Now that the sun has set on the 2013 Triple Crown season, I
find myself reflecting on the first complete year of the Kentucky Derby Point System. When first announced, opinions for the system were as widespread as the results,
but looking back I do not think any of us can say the system yielded a bad race.
When the points system was first announced, everyone had a
viewpoint that was either for or against. Some denounced the system because it
put virtually no emphasis on the 2-year-old season and left out the Illinois
Derby, which has served as a critical Derby prep race in the past. I for one,
was a huge supporter of the points system because it did put emphasis on 3 year
old form, and if there was going to be a “win and you’re in” scenario, it might
as well be with horses peaking at the right time in their careers.
The Wynn Casino in Las Vegas pegged the over-under of the
points required to enter the derby at 29.5 throughout most of the winter and
early spring of this year. As it turns out Giant Finish slipped in the 20th
spot with only a point tally of 10. Fear the Kitten was a mere 24 hours away
from entering the gates with 6 points had Black Onyx’s team discovered his
untimely injury just a little bit sooner.
Using points to decide the field certainly changed the
strategies of many of the trainers and connections leading up to the race. A
perfect example is Shanghai Bobby, who was definitely on the Derby Trail until
his disappointing 5th place finish in the Florida Derby. The ironic
thing is that the 24 points he had going into the race would ultimately have
gotten him into the Kentucky Derby had he skipped the Florida Derby. Although it was never the plan for the horse to skip the race, the 5th
place finish and uncertainty of 24 points being enough, the connections
announced that the Juvenile Champion would not be pointed to Churchill and would instead focus
on the second half of his 3-year-old season. Adversely, look at a horse like Palace Malice, who unexpectedly wheeled back 2 weeks after the Louisiana Derby to get the necessary points in the Blue Grass Stakes.
The Field Sizes:
I hope I am not in the minority in that I am ecstatic that
just about every single major Derby Prep had a double digit field
size. This is great for the tracks because larger fields typically lead to
larger betting handles and spectator turnout. This is great for the horses because it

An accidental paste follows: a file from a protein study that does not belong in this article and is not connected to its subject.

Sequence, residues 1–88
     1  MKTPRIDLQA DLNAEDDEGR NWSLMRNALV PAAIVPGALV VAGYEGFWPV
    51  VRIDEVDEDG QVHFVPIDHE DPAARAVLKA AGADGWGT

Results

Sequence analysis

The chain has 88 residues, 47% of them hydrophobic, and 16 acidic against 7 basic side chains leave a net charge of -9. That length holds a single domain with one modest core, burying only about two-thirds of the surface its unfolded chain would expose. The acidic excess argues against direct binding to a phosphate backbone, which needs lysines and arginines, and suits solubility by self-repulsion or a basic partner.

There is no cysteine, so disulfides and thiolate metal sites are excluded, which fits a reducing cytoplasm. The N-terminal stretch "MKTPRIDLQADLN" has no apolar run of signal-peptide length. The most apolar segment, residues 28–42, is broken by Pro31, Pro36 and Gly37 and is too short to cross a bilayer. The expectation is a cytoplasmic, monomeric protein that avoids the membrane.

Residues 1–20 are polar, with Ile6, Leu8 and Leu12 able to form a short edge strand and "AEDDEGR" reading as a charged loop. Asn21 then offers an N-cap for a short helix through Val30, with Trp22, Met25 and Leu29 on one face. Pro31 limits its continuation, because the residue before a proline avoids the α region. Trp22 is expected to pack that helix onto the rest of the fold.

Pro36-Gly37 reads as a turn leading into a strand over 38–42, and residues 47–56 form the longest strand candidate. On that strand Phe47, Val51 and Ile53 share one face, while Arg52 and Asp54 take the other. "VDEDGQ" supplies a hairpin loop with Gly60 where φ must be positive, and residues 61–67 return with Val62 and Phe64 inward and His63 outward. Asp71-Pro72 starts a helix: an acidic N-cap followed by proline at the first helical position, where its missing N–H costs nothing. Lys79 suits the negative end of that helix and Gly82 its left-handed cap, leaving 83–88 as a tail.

gives them a taste for the chaos that is the 20 horse cavalry charge down the
Churchill straight at the start of the Derby. It is great for the trainers,
because they learn more about the weaknesses of their horses and what they
still need to do to prepare their mount for the rigors of the Kentucky Derby.
There really is no loser here, expect for the horse that got stuck on the rail,
had to swing wide, or got held up in traffic. But guess what…that’s racing.
Fortunately there were minimal injuries leading up to this
year’s big race, and even fewer that were career ending (or worse). Is this a
coincidence? Perhaps. But I like to believe this has more to do with staying
distance horses being trained for the race, rather than successful, speedy 2
year olds being extended beyond their means. There were still a few
disappointing drop-outs: the afore mentioned Black Onyx, Hear the Ghost, I’ve Struck a Nerve, and Flashback to name a few. However, for the most part all the
horses that ran in the Derby will be seen later this summer and fall and are still
expected to compete at high levels of competition. This is perhaps, the best
indicator that the points system did something right.
Although it worked very well this year, the system isn’t
perfect. The Illinois Derby needs to be a point qualifying prep race. I would like to see larger point values assigned to early 3-year-old
races. Currently, early prep races are only worth 10 points, which are equal to
all 2-year-old races. I say, bump the early 3-year-old preps up to 20 points to
put even larger emphasis on 3 year-old-form. I would like to see a more even point spread of the
finishers. Currently points are distributed to the top 4 finishers, with a very
heavy skew toward the winner. I would like to see an increase of points for the
2nd and 3rd place finishers, given the increased
difficulty of the races when the field size is 10-14.
Preparing for Next Year:
As the fresh crop of juveniles start to emerge this summer,
we can only think which ones will be a household name next May. The point system
essentially makes all early juvenile races nothing more than foundation builders
for the hopefully long career that will be ahead of the next Kentucky Derby winner.
I expect to see trainers more calculating of the routes for their horses, and
many that accumulate any points at all will be prepared as if they will enter
the starting gate the first Saturday in May.
The Kentucky Derby will always remain the crown jewel for
horsemen across the country. However, now that quarter horse speed as a 2 year
old can no longer clinch a spot the ultimate experience of
American racing, there will be backlash. And I expect this backlash to be
hardest felt in the breeding sheds. Horses known to pass stamina to their
progeny will likely start to see increases in stud fees. Hopefully we may start
to see a shift of desire from precocious youngsters to battle hardened stayers
that can follow the footsteps of their Triple-Crown winning ancestors.
Now that Triple-Crown mania has subsided, what do you think
about the points system?